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Do I Have to Submit to DNA Testing?

Getting arrested for a crime in Oakland or the East Bay is a frustrating experience. As part of the arrest, the suspect can be handcuffed, treated forcefully by police, finger-printed, and photographed. For some suspects, an arrest for a felony may also require giving a DNA sample. A felon's DNA may be collected for a felony arrest and other criminal convictions. 

If you do not want the police to collect or store your DNA information, you should act quickly to fight the criminal charges and avoid a felony conviction. If you are facing felony criminal charges in the East Bay, talk to an experienced California criminal defense attorney about your rights and legal defense options. 

When DNA May Be Collected

In 2004, California voters passed Proposition 69, the DNA Fingerprint, Unsolved Crime and Innocence Protection Act. The new law expanded state laws for the collection and use of criminal offender DNA samples. Generally, a felon's DNA sample can be collected when: 

  • The felon is newly convicted of, or pleads guilty to, a felony offense;
  • The felon is required to register under Penal Code Section 290 sex offenses or arson due to commission or attempted commission of a felony or misdemeanor offense;
  • The felon is housed in a mental health facility or sex offender treatment program after being charged with any felony offense; or
  • The felon is an adult and is arrested for any felony offense.

An adult felony arrestee generally has their DNA sampled as part of the booking process. When the suspect is being fingerprinted and photographed, the police can also take a DNA sample. DNA is generally collected with a cheek swab. Refusing a cheek swab is a misdemeanor offense, which could result in additional fines and jail time. Police officers are authorized to use "reasonable force" to collect DNA database samples. 

The DNA samples are stored in a database that can be accessed when DNA evidence is collected at a crime scene. DNA samples can also be used in a national DNA database, for searches by federal law enforcement and law enforcement in other states. 

Rapid DNA Testing

In 2017, the Rapid DNA Act was passed in California. The Rapid DNA Act allows a suspect's DNA sample to be developed within 90 minutes and then uploaded directly to the FBI's Combined DNA Index System (CODIS). 

Is DNA Tested As Part of a Drunk Driving Arrest?

For most drunk driving arrests, a breath sample will be taken but not a DNA sample. Most drunk driving arrests are misdemeanors that do not fall under the DNA sampling offenses. However, a felony drunk driving arrest can require a DNA sample. 

There are a few different ways a DUI can be charged as a felony, including: 

A 4th drunk driving charge within a 10-year period can be charged as a felony. The lookback period in California is 10 years, so any DUIs that occurred more than 10 years ago are generally not included in counting multiple DUIs. A DUI after a prior felony DUI conviction can also be charged as a felony. The penalties for a felony 4th DUI include up to 3 years in prison, fines, and a suspended license of up to 5 years. 

When a drunk driving accident results in injury or death, the drunk driving charge can be treated as a felony. A bodily injury DUI is a "wobbler," which can be charged as a misdemeanor or a felony, depending on the circumstances. Mitigating factors that can help your DUI defense lawyer get the DUI reduced to a misdemeanor may include seeking substance abuse treatment or expressions of remorse and accepting responsibility.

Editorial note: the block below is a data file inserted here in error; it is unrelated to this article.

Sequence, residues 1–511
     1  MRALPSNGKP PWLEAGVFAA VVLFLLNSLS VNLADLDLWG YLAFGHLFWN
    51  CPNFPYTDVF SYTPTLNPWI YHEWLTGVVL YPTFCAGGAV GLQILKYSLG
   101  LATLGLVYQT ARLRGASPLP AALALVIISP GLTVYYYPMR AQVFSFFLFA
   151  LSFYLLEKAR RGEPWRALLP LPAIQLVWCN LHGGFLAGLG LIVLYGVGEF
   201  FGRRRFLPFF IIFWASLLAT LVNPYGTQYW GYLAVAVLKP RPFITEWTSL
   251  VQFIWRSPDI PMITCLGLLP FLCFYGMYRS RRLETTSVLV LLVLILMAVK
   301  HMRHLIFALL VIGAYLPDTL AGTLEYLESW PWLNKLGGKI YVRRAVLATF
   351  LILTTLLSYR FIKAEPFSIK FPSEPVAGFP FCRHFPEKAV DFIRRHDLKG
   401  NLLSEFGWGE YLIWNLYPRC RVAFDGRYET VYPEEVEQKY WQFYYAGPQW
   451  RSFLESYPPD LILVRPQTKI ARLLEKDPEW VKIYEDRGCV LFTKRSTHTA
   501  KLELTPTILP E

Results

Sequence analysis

A fatal drunk driving accident can be charged as felony vehicular manslaughter or second-degree murder. Vehicular manslaughter can result in up to 4 years in prison, in addition to DUI school, license suspension, and fines. 

How Can I Have My DNA Sample Removed From the Database?

If you had your DNA sampled after an arrest, you may be able to get the DNA profile removed from the California Department of Justice, DNA Database (CAL-DNA). Under California Penal Code Section 299, "A person whose DNA profile has been included in the data bank pursuant to this chapter shall have his or her DNA specimen and sample destroyed and searchable database profile expunged from the data bank program," if:

  • The person has no past or present offense or pending charge which qualifies for DNA sampling; and
  • There otherwise is no legal basis for retaining the specimen, sample, or profile.

If you qualify, you can petition the CAL-DNA program for expungement. If CAL-DNA receives sufficient documentation, the program will issue a response to the petitioner that the sample was destroyed or otherwise notify the petitioner.

Alternatively, Prop 47 allowed for reclassifying a number of felony offenses in California to misdemeanors. If an individual is eligible for Prop 47 reclassification, they may also be able to have their DNA sample removed from the database. Talk to your East Bay criminal defense attorney to find out if you are eligible to have your DNA profile removed from the state's database. 

Contact an Oakland DUI Defense Attorney

If you were arrested for a felony offense, the police may take a DNA sample. However, if you can avoid a conviction, win your case, or have your charges reduced to a misdemeanor, you may be able to have your DNA sample destroyed so it is no longer in the California DNA database. Talk to a criminal defense attorney as soon as possible after an arrest to understand your legal rights. 

East Bay attorney Lynn Gorelick has more than 39 years of criminal defense experience and understands the challenges involved in California felony cases. Contact a local criminal defense lawyer who understands defense strategies and plea bargain negotiations.

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